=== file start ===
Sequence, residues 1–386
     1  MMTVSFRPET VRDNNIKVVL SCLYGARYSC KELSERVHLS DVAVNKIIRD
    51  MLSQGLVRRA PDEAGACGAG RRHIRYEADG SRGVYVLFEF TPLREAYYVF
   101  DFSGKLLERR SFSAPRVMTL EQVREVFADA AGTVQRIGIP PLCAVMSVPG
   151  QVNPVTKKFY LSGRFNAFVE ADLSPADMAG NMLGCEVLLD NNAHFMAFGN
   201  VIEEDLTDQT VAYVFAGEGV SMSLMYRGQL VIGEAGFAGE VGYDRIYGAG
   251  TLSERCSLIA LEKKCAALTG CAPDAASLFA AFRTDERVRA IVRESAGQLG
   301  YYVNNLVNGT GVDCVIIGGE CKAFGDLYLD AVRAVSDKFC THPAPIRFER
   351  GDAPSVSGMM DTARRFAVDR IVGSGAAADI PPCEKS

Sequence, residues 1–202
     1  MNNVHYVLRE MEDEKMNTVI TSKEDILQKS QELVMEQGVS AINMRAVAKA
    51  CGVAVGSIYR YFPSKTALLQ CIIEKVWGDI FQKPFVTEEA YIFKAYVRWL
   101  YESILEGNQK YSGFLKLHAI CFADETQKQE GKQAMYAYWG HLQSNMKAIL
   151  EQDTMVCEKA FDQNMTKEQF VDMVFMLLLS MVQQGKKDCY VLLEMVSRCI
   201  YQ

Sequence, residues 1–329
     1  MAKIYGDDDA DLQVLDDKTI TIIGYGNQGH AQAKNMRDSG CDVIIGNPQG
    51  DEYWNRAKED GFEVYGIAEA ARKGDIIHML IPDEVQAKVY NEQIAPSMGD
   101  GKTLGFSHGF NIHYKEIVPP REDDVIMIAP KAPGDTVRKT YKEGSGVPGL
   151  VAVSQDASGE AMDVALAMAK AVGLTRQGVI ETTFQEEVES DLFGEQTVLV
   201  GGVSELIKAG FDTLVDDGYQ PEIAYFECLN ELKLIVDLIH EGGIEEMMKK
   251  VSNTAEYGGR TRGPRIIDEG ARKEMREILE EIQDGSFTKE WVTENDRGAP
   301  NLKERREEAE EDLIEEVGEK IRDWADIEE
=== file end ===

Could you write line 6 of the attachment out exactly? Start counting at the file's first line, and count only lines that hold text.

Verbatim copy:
   201  VIEEDLTDQT VAYVFAGEGV SMSLMYRGQL VIGEAGFAGE VGYDRIYGAG